One of the rules of thumb you hear in SNA circles is that you need 80% response rate to have a reasonably valid survey. Having used that rule for a while without asking why, I am now glad to see some explanation. A new paper in press by Borgatti, Carley, and Krackhardt shows how different measurements of network centrality degrade with imperfect data.
For example, suppose you want to know who are the top ten influential people in an organization. Naturally, you decided to measure influence with social network analysis. The problem is that you don't get all the data. What are the chances that any of the actual top ten influencers are included in your calculated list?
With a few wonderfully simplifying assumptions, BCK comes up with a rough and ready answer. If you are missing just 5% of the network data, chances are that your list of ten influencers has three rogues in it. Let 10% of your data slip through your fingers and your list of ten is probably just better than half right. If you're missing 25% of your data, then most of your "top ten" list is really just a selection of the relatively central influencers, and not a top ten at all.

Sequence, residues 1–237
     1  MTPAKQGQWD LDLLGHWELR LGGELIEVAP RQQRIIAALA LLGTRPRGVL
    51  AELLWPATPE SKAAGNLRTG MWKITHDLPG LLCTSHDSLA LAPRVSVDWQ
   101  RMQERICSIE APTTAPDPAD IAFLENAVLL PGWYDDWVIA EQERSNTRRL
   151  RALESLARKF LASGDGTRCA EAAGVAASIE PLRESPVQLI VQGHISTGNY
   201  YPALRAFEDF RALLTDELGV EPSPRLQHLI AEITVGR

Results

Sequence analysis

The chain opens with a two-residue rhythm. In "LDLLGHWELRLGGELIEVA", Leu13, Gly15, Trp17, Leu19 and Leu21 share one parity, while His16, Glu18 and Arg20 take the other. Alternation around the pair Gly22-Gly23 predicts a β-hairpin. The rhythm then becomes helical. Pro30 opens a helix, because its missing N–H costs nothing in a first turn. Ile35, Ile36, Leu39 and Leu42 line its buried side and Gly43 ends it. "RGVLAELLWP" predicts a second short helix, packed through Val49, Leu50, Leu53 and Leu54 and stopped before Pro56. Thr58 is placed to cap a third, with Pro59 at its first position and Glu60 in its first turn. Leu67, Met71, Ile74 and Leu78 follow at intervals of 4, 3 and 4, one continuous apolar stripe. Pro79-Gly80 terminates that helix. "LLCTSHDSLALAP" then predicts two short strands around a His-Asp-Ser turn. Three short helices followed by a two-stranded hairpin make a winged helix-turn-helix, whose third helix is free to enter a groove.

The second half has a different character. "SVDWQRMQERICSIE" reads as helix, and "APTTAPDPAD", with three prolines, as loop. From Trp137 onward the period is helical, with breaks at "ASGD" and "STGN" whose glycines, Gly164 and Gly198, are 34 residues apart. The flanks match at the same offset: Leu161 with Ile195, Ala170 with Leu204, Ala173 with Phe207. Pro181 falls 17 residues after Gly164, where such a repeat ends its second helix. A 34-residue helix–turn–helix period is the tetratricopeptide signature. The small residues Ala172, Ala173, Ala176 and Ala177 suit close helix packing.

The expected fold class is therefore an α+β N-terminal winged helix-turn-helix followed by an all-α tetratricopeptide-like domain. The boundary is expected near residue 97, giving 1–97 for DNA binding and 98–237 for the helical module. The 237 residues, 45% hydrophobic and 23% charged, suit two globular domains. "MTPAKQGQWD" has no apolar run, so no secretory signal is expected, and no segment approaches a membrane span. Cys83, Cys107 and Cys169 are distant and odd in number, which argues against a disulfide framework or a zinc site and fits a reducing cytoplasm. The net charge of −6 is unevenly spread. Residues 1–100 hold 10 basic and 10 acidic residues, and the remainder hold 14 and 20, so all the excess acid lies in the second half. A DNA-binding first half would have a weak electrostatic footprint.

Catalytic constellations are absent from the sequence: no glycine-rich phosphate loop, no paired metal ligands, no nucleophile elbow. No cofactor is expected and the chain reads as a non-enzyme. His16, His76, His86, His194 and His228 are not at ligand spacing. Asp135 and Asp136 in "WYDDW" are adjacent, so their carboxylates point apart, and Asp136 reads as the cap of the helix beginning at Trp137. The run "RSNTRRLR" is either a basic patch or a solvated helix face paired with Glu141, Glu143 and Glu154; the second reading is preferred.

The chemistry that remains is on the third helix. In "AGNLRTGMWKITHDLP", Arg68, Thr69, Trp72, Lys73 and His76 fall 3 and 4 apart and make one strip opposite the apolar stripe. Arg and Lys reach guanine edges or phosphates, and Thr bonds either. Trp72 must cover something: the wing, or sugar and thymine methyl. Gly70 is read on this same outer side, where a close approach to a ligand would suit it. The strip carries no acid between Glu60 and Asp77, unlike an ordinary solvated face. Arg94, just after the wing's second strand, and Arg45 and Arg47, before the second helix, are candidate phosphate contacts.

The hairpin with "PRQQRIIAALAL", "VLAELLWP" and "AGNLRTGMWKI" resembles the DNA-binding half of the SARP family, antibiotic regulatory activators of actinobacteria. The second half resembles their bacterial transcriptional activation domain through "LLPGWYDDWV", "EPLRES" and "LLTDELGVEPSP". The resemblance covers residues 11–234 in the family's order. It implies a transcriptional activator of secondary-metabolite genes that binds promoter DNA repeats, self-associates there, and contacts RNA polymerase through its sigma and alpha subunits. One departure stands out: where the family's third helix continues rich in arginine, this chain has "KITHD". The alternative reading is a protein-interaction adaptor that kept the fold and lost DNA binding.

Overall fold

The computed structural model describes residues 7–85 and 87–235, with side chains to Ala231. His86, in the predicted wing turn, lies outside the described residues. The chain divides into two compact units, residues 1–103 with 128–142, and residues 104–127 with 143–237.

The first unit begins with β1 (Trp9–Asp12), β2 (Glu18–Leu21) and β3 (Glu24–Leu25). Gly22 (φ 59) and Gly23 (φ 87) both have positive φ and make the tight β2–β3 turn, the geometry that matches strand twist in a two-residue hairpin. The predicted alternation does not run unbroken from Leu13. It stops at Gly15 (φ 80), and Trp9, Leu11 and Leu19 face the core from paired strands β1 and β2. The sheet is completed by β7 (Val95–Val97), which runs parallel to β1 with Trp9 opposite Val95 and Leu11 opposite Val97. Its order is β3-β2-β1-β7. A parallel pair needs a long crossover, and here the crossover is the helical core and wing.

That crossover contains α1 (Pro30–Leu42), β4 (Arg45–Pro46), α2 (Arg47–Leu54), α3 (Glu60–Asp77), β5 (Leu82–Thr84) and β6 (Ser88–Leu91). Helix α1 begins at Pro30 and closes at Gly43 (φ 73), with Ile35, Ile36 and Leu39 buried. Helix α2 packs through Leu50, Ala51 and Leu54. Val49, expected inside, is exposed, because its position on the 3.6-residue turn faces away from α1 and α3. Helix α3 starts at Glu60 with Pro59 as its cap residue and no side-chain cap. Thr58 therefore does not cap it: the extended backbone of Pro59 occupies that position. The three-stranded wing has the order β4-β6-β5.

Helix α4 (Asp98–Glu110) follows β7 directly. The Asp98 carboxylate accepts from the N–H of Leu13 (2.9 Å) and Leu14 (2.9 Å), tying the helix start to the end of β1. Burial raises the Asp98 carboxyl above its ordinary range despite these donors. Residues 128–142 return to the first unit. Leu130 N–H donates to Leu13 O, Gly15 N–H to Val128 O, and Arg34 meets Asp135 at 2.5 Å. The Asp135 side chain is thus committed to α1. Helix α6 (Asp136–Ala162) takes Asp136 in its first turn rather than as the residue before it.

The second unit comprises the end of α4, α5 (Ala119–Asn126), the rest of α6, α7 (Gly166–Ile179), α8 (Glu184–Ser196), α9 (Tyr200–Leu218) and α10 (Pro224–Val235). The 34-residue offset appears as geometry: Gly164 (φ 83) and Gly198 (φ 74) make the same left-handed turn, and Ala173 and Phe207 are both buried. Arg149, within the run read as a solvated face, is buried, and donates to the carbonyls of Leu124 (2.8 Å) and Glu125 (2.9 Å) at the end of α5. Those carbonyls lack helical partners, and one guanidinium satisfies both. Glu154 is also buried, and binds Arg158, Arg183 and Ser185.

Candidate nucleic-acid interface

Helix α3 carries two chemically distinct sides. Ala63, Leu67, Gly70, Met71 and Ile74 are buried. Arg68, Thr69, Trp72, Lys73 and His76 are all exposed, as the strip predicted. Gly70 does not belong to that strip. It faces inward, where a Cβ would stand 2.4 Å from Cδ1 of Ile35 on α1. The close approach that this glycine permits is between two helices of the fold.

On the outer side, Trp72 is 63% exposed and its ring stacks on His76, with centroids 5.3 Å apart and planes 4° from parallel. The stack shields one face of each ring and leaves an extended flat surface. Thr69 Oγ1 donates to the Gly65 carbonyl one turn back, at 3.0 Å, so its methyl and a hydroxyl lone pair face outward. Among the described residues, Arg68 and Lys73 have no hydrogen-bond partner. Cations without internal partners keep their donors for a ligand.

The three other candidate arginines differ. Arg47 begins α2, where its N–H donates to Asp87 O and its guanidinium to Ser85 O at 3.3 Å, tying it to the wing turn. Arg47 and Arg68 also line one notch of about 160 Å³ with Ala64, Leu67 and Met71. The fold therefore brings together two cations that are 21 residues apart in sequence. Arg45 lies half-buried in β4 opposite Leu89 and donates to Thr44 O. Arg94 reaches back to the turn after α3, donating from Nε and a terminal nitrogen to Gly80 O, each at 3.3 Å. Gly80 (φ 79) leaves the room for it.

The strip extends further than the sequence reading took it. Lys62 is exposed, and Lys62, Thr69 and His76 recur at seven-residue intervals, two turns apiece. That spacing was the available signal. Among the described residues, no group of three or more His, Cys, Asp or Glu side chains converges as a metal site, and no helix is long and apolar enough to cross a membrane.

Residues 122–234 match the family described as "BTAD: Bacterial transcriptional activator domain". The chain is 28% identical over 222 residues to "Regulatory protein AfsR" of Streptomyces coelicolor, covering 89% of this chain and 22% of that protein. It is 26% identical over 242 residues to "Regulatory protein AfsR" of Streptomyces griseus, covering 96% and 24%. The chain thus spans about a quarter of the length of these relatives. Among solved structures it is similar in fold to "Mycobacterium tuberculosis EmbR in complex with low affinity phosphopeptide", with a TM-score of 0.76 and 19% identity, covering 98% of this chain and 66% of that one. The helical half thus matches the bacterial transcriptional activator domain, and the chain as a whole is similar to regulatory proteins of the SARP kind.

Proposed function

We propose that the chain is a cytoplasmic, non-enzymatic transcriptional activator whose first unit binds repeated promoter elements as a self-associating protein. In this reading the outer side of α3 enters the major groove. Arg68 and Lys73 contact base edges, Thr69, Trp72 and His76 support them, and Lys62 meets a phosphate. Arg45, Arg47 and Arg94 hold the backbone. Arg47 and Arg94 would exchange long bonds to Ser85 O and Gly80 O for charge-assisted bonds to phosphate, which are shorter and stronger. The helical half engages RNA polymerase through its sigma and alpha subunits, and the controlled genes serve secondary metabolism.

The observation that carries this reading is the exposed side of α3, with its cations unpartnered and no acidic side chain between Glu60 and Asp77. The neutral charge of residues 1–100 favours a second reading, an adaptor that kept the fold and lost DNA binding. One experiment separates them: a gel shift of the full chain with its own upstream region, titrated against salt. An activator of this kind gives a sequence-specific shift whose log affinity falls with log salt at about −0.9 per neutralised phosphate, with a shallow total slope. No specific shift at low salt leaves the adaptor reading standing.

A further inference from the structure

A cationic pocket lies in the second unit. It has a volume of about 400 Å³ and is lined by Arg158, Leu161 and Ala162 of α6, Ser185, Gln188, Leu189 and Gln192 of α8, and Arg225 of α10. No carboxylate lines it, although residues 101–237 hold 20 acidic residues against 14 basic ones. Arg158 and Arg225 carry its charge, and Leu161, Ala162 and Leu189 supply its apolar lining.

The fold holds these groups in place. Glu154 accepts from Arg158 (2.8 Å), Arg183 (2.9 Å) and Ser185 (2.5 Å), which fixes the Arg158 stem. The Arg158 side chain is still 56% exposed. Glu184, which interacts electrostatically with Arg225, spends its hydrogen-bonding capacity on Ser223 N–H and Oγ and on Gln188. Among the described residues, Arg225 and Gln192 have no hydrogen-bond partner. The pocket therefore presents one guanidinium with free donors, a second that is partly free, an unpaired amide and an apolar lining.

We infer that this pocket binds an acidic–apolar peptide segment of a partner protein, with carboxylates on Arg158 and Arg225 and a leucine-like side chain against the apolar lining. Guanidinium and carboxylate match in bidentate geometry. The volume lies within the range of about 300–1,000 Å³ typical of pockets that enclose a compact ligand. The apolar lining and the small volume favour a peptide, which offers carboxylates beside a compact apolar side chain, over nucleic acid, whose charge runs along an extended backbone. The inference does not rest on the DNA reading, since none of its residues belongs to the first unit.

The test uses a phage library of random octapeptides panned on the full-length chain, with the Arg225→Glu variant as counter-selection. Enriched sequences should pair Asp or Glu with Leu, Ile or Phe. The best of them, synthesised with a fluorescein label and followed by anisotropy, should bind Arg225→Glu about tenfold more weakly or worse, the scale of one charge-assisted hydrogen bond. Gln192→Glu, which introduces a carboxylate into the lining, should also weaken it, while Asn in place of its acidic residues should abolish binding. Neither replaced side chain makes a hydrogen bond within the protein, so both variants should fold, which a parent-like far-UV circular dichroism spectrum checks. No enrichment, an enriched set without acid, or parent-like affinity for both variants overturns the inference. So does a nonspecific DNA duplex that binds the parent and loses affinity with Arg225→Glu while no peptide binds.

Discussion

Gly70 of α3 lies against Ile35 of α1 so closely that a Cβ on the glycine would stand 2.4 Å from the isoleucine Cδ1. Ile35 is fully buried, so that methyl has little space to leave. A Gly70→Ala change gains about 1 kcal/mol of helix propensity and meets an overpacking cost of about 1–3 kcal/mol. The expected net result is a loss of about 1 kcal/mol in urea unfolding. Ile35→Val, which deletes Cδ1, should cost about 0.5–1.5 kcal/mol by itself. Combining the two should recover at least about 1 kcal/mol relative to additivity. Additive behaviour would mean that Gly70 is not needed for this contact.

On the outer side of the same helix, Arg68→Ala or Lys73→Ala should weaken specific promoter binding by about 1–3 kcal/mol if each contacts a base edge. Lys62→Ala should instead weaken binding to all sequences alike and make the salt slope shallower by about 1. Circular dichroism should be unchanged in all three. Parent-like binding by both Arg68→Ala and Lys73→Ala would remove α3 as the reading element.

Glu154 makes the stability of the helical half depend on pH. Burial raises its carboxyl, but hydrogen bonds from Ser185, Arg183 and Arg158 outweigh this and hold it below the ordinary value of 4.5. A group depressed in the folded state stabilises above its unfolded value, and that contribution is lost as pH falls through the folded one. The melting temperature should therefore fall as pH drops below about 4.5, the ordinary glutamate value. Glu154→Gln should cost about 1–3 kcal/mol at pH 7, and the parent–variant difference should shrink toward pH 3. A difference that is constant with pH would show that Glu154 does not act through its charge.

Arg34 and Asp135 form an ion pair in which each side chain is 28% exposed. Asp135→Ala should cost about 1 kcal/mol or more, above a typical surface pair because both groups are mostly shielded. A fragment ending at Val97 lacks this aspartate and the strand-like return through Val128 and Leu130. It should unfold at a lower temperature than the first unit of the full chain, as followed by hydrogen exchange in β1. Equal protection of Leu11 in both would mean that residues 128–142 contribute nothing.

For anyone fond of the veneer of precision SNA puts on fuzzy questions, these results are an equally precise grain of salt. For another dose of context, see here too.